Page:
Sample & Hold in SPICE not holding charge using real elements

In summary: I'll try that. It looks like the capacitor is shorting to ground though.It's really easy to understand. I attached the spice file on the first post.
  • #1
40
0
Hi guys,

I'm having problem in HSPICE. I designed a Sample & Hold circuit using MOSFET switches (transmission gate). The problem is that when I activate the MOSFET switches, the capacitor doesn't hold the charge as expected (I did the simulation using ideal components, and the charge holds just fine).

I'm using PTM 130nm transistor models.

The simulation results are:
Ideal switches:
http://imageshack.us/photo/my-images/834/38cg.png/

MOS switches:

http://imageshack.us/photo/my-images/407/m385.png/

A drew the schematic to help the understanding of the circuit, and attached the spice file in this post.
http://imageshack.us/photo/my-images/801/uyg6.png/

Did anyone here have a problem like this one? My main purpose is to design a data converter, but I won't get the correct answer if I lose 300mV in this process.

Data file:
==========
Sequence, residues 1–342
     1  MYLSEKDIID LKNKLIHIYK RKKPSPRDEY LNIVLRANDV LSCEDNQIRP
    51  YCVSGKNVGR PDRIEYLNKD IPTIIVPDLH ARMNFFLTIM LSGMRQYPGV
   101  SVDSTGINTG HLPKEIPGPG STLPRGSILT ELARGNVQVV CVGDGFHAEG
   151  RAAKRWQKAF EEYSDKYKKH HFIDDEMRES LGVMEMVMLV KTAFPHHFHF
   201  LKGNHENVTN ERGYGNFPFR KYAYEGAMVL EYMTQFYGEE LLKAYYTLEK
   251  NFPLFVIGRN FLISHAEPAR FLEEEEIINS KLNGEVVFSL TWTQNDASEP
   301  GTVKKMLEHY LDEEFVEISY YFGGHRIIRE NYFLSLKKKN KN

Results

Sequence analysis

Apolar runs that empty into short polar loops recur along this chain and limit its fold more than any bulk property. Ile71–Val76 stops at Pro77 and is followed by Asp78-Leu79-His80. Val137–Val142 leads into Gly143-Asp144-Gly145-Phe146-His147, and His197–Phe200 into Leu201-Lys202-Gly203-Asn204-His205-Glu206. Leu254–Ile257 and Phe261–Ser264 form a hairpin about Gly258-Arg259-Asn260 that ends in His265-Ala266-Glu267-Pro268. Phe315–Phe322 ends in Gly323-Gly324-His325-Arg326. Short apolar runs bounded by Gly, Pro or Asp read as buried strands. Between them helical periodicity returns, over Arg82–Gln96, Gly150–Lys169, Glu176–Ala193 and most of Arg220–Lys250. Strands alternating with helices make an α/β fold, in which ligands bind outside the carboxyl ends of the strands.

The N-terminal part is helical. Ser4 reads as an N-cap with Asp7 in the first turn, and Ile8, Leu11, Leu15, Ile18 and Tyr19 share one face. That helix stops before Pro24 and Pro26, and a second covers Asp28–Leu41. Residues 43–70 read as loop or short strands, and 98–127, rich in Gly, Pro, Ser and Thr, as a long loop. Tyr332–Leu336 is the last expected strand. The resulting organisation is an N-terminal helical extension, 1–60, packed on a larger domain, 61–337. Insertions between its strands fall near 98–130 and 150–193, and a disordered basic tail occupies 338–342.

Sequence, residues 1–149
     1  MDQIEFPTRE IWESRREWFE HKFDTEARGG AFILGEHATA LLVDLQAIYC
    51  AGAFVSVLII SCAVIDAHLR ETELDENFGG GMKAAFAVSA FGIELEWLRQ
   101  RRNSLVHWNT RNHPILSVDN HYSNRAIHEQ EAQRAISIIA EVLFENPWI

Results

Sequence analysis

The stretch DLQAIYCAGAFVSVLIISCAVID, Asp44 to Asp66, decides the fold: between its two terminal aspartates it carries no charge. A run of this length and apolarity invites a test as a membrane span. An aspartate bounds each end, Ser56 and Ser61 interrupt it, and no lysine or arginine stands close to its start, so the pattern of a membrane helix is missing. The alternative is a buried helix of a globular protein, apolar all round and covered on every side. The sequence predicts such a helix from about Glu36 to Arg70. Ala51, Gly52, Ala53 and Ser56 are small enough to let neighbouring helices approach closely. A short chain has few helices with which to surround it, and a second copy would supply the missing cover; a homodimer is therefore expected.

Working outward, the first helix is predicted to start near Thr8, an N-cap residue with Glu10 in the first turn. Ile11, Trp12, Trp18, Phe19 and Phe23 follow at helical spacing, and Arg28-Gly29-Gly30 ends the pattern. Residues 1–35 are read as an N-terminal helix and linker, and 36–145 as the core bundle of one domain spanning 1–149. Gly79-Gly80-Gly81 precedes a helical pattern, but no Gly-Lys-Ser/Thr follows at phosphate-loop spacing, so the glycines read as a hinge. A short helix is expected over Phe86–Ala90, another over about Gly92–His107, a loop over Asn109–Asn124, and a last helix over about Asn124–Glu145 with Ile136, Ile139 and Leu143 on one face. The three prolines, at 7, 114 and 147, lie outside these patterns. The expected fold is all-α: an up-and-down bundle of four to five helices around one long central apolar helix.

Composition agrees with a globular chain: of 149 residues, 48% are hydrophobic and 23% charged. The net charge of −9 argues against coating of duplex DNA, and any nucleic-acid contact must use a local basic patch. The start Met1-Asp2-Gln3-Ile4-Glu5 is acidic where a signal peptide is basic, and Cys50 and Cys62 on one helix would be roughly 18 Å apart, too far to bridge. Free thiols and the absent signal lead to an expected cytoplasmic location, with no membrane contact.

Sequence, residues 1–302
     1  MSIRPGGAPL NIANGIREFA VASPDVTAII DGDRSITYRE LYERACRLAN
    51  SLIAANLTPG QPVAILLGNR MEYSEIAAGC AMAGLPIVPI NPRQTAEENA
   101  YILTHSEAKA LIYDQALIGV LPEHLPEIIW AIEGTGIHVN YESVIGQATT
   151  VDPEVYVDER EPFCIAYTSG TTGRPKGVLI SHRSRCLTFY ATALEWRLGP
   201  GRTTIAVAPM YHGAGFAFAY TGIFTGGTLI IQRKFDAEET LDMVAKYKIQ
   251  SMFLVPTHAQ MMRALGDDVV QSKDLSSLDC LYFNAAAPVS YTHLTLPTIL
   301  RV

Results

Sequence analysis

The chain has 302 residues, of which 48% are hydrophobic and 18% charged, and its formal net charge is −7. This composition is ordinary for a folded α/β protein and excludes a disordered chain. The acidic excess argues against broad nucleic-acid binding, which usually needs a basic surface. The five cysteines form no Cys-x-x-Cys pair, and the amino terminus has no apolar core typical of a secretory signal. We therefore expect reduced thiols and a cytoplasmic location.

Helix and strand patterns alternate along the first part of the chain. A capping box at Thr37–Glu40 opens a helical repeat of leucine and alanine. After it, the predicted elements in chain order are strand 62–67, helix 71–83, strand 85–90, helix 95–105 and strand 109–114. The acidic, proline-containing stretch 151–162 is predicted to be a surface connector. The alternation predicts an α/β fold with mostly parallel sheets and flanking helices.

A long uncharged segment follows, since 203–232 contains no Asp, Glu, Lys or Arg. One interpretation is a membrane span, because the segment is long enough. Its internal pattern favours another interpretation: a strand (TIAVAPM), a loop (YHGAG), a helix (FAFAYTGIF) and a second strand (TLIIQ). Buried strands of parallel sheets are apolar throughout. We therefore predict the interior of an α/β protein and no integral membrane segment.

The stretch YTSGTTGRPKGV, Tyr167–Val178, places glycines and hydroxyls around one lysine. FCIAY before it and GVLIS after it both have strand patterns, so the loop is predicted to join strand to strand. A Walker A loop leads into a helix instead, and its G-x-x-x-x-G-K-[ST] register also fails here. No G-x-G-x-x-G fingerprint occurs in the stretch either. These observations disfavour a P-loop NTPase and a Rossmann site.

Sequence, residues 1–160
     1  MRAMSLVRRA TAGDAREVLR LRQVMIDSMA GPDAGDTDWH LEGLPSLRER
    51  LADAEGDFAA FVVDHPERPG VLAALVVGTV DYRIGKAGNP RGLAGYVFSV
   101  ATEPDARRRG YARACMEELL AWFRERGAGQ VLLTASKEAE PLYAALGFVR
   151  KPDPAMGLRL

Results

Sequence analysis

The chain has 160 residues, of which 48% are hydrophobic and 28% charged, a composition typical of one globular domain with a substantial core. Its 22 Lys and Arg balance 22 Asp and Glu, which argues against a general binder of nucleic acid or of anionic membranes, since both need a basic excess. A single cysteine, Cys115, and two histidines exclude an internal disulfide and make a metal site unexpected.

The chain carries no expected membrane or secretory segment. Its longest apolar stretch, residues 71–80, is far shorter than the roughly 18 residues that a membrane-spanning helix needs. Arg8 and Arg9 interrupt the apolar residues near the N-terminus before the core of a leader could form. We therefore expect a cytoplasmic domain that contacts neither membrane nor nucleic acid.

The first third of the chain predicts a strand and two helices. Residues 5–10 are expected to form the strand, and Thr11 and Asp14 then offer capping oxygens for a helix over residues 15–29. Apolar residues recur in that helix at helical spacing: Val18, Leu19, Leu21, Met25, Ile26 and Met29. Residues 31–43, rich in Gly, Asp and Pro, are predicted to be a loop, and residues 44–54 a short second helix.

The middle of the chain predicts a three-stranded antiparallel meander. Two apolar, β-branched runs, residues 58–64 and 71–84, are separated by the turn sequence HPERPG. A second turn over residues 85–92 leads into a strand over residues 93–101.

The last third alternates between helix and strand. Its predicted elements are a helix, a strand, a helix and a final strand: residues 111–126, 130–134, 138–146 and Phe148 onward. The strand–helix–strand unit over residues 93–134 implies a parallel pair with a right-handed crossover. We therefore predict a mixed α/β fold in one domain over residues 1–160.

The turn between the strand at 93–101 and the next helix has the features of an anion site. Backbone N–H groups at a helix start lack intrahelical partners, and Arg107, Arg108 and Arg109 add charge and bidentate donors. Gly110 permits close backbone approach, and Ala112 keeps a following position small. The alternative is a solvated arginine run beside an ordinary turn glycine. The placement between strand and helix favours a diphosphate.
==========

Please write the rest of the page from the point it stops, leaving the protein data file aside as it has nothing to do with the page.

What do you guys think?

Thank you in advance.
 

Attachments

  • sh.txt
    1 KB · Views: 429
Engineering news on Phys.org
  • #3
Lanot said:
Hi guys,

I'm having problem in HSPICE. I designed a Sample & Hold circuit using MOSFET switches (transmission gate). The problem is that when I activate the MOSFET switches, the capacitor doesn't hold the charge as expected (I did the simulation using ideal components, and the charge holds just fine).

I'm using PTM 130nm transistor models.

The simulation results are:
Ideal switches:
http://imageshack.us/photo/my-images/834/38cg.png/

MOS switches:

http://imageshack.us/photo/my-images/407/m385.png/

A drew the schematic to help the understanding of the circuit, and attached the spice file in this post.